Harriet's wish to avenge Robin's murder (which neither she nor her sister can remember) leads her immediately and rather arbitrarily to a suspect: Danny Ratliff, a onetime classmate of her brother's and now a member of Alexandria's demimonde. Recently released from prison, Danny is one of several scions of a poor and notoriously troubled family, and is presently helping his older brother make and sell (as well as consume, in increasing quantities) crystal methamphetamine. Harriet's pursuit of Danny and her attempts to punish him, carried out with the help of her admirer and sidekick, a boy named Hely, entangle her with the Ratliff clan, whose other members include an evangelical preacher with an interest in snake-handling, a retarded boy, and a long-suffering and marvelously rendered grandmother.
The sections describing the Ratliffs are some of the novel's strongest—far more engrossing than the sometimes tedious Hardy Boy machinations of Harriet and Hely. Ms. Tartt's descriptions of the ratcheting paranoia between the two crank-addled brothers are worthy of Robert Stone. Of Danny's older brother, Farish, she writes, "Sometimes he made sly insinuations, or got all crafty and confidential, pretending to let Danny in on nonexistent secrets; other times he sat back in his chair like he'd figured something out and—with a great big smile on his face—said, 'You son of a bitch. You son of a bitch.' ... [Danny] endured Farish's accusations ... answering slowly and with care, all politeness, nothing fancy, no sudden movements, the psychological equivalent of exiting his vehicle with his hands above his head." Later, when drug use has rendered both virtually psychotic, Ms. Tartt writes, "Sleep ceased to be sleep when you never had any; it rolled in at the last and crushed you senseless, a high, black wall that was more like death."
Harriet's pursuit of Danny plays directly into the brothers' paranoia, with disastrous results. In this sense, The Little Friend is the story of two families of opposing social ranks whose destinies become linked through a spate of blind, childish conviction. A thematically linked subplot concerns the relationship between Harriet's family and two devoted black servants, and contains some of the novel's most wrenching and socially conscious moments. Yet as the question of Robin's death recedes further into irrelevance, the reader can't help but feel cheated; The Little Friend has the feel of a shaggy dog story, a series of twists and turns and lateral moves that gets us further from—not closer to—the destination we've been so eagerly awaiting.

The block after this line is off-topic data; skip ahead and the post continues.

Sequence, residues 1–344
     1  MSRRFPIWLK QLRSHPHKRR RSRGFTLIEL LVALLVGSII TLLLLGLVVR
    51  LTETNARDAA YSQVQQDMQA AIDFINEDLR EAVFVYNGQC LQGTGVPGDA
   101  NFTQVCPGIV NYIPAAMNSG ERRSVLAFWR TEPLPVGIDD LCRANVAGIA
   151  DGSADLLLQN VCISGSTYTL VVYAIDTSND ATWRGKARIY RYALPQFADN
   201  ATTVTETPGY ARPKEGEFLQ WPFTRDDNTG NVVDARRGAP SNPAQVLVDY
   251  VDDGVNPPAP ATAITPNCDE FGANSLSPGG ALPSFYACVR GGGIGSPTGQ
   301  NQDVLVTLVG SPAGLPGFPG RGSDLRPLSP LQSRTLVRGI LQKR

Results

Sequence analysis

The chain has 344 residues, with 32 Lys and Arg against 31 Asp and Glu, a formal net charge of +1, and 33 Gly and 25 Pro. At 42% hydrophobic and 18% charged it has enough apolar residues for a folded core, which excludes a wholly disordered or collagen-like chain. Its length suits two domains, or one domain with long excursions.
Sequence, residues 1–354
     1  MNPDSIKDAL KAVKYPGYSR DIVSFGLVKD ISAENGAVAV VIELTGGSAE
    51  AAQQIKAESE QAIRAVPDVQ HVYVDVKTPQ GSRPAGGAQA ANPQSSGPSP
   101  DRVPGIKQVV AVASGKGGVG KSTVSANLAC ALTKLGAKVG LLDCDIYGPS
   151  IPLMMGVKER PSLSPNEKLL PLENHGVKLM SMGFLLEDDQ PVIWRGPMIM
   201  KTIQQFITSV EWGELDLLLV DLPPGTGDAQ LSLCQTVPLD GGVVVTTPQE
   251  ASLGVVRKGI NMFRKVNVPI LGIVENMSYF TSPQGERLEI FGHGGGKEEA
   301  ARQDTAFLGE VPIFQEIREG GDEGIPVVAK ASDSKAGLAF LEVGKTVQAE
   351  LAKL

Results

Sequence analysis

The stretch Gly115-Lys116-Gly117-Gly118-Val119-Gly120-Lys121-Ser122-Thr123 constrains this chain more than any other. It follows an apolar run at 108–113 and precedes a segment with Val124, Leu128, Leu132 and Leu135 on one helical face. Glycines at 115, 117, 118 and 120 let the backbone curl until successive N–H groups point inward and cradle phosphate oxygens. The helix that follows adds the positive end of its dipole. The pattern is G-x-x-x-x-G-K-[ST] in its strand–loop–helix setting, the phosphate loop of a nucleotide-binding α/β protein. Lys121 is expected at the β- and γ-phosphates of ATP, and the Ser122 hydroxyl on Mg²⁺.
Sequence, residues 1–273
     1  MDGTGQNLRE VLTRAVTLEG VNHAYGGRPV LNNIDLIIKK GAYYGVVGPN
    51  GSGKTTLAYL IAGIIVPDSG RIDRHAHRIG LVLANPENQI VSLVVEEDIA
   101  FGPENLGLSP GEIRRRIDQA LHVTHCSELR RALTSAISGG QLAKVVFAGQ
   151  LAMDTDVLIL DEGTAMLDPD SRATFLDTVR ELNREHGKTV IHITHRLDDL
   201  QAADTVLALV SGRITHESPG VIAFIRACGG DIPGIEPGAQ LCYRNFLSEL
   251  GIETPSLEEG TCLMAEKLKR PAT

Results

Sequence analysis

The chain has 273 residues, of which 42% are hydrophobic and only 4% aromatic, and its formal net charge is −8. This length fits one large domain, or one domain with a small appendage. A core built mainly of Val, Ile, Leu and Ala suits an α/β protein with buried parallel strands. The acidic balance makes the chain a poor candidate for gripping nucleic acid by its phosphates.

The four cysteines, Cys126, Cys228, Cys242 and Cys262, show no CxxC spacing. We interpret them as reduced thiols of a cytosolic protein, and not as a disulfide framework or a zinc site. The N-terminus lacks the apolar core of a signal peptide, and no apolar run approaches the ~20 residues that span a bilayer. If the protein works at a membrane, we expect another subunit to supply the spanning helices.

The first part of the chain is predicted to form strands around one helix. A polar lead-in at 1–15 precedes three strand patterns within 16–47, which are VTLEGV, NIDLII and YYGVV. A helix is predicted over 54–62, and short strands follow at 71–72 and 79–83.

Some of this is due to the writing, which ranges from inspired and precise to blandly familiar. This is a book in which silence is deafening and hearts sink, over and over again. Ms. Tartt also has a habit of lavishing meticulous detail indiscriminately, rather than using it as a way of distinguishing important moments from incidental ones. A description of Harriet and Hely lugging a wagon from under a house to a railroad overpass lasts eight pages; at another point, Ms. Tartt tells us that Hely has drunk five Coca-Colas and then, parenthetically, specifies when and where he drank them. It's more than we need to know, and at times the pileup of qualifiers and digressions taxes the reader's attention.
There are disappointing books that make you lose faith in a writer. The Little Friend had the opposite effect on me; though it's an uneven performance, the novel displays such a big talent—for dialogue, for description, for quiet personal moments and broad, ambitious tableaux—that I find myself even more convinced than before that Donna Tartt is the real thing.